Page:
Brenda Rosado, 33, of Fresh Meadows, Queens, had eagerly anticipated the birth of her first child.
She was shocked, then, that right after her son Alex's birth 16 months ago, she found herself feeling overwhelmed, couldn't stop crying and was barely able to get out of bed.
She called her obstetrician who recommended a psychological evaluation. Though she initially resisted, her mother prevailed upon her to see Dr. Tina Walch, a psychiatrist at The Zucker Hillside Hospital in Glen Oaks, Queens. Walch diagnosed her with postpartum depression, a perinatal mood disorder, and prescribed an antidepressant. Perinatal refers to pregnancy and the first year after childbirth.
Within weeks, Rosado said, she began to feel better. Now she and her husband, Cesar, are talking about having another child.
Rosado was the first speaker Friday at a conference on perinatal mood disorders at the Nassau County Medical Society in Garden City. It was sponsored by the Nassau County Department of Health, Zucker Hillside and other groups. The county proclaimed May as the month for awareness of the disorder.
It was also a chance to start the "Ask the Question" campaign. Giving out buttons displaying a question mark, Walch said the idea was to get people to pledge to ask a pregnant woman or mother of a newborn how she is doing and "listen to the answer."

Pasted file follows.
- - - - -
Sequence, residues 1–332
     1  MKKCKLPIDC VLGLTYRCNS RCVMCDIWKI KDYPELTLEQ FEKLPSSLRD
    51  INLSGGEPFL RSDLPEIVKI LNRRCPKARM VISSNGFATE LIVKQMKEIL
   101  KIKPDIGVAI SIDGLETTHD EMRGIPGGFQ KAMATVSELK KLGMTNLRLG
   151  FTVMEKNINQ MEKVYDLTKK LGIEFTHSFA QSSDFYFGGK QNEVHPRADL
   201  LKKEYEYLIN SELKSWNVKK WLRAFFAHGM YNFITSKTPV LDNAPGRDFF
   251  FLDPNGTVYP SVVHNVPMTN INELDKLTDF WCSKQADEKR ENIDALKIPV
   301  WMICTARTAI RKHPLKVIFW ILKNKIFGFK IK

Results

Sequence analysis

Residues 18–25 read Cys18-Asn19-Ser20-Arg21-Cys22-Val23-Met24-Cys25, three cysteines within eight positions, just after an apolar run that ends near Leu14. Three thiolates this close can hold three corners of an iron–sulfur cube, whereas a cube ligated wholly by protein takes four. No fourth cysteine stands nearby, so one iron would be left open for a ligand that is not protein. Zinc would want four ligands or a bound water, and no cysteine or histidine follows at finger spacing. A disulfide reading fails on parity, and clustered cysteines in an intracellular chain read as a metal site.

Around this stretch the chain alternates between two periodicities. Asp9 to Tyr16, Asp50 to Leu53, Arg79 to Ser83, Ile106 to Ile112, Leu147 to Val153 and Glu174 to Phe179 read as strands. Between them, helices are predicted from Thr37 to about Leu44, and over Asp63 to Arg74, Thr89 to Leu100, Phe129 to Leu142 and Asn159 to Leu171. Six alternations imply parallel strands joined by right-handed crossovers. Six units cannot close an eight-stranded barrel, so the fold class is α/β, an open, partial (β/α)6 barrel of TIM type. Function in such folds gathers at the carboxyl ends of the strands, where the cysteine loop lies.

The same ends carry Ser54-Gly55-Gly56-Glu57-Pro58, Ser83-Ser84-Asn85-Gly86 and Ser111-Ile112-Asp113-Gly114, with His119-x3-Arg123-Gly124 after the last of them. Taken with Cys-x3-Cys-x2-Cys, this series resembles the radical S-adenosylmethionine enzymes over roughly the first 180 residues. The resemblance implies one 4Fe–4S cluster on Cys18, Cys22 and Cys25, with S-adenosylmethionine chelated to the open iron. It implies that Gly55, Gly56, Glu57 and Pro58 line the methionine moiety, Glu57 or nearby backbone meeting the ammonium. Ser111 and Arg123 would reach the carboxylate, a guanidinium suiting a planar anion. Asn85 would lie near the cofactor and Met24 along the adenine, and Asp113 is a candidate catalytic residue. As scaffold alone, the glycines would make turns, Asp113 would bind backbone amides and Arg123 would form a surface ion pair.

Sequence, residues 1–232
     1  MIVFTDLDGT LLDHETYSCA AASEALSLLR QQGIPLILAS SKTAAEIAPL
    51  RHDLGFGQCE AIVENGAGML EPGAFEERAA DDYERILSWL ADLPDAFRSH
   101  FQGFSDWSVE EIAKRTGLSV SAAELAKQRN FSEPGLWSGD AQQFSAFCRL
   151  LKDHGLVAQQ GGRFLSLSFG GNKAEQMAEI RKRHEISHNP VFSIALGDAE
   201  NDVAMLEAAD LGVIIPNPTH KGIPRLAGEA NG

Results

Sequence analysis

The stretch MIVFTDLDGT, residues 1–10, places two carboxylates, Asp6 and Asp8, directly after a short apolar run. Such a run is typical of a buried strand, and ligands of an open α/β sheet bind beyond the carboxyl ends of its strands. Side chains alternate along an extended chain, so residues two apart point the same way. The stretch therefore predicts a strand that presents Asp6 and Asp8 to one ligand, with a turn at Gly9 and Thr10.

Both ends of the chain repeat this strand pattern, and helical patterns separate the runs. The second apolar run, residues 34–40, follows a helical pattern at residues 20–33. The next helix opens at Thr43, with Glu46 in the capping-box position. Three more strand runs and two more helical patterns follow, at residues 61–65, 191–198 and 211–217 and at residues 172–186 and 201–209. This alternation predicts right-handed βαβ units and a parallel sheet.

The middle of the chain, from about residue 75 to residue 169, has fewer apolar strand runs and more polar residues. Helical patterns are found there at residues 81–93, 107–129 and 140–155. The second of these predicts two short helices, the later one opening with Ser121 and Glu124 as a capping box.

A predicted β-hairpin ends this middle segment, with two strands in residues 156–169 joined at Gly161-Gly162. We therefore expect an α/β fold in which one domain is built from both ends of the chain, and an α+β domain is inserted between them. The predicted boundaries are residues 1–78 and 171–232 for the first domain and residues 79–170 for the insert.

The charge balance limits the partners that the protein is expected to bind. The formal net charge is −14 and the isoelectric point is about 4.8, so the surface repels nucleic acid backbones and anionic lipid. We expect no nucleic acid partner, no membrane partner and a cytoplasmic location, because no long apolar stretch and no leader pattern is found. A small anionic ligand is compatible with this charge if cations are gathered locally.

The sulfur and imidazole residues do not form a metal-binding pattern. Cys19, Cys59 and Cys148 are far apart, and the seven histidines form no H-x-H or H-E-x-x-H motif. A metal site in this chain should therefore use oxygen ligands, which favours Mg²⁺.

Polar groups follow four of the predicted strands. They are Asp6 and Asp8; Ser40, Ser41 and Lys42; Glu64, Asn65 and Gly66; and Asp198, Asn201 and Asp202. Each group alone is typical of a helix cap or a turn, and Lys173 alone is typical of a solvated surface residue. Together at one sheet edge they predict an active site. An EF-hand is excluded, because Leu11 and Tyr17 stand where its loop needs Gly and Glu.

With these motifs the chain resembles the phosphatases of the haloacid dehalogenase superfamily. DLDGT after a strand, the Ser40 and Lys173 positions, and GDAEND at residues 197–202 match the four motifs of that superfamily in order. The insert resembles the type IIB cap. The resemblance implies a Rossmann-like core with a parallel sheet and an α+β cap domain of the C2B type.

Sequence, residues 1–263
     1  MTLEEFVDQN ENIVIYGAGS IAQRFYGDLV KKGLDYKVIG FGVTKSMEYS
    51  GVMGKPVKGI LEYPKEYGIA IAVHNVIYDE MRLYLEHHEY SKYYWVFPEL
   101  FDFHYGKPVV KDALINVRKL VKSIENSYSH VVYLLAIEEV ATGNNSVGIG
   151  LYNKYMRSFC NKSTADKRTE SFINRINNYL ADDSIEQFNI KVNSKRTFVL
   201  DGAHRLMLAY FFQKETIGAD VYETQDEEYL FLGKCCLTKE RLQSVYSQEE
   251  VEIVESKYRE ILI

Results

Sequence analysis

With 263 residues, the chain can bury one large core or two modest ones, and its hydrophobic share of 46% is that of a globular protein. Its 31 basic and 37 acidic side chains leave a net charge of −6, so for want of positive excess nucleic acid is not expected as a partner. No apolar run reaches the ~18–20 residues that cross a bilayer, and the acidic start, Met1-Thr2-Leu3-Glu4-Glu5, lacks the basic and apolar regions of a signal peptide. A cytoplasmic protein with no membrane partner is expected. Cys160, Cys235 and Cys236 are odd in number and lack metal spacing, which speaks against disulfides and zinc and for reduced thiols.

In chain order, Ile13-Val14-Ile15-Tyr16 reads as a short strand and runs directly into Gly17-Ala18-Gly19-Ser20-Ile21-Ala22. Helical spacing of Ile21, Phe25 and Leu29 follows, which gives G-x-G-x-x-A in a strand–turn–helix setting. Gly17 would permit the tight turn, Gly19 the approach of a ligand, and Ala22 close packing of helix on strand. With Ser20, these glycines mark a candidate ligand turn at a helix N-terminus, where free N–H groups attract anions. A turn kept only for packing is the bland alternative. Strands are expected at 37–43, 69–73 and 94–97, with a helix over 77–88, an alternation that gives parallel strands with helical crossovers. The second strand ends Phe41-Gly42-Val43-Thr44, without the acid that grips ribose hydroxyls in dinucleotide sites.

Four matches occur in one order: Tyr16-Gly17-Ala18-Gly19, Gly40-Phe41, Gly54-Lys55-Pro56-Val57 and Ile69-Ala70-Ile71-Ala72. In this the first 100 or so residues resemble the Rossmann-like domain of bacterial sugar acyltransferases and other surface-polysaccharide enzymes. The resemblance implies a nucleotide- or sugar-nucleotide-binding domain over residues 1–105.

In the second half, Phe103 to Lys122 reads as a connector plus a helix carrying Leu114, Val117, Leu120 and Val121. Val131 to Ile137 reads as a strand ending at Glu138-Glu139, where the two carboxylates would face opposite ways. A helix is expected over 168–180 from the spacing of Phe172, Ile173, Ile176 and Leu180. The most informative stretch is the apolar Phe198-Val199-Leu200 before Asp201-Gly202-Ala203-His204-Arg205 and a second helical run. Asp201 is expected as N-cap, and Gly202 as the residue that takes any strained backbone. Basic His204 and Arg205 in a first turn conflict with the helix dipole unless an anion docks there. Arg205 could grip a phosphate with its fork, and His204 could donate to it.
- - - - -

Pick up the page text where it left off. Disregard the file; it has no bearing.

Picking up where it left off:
Postpartum depression and other perinatal mood disorders, including anxiety and, in rare cases, psychosis, afflict up to one in five women, Walch said. Most have never been depressed or anxious before giving birth and are often ashamed and overwhelmed, she said. The disorders have been identified in women of every culture, age, income level and race.
"It can happen to anyone," she said. But, Walch said, the majority of afflicted women "go unrecognized and untreated."
Dr. Abby Greenberg, a pediatrician and member of the Nassau County Board of Health, estimated that up to 3,500 families in the county are affected each year by perinatal mood disorders.
County Health Commissioner Dr. Lawrence Eisenstein called it "a real life issue for all citizens."
Places to call if the mother of a newborn seems depressed:
- The Zucker Hillside Perinatal Psychiatry Service: 516-470-4MOM (4666)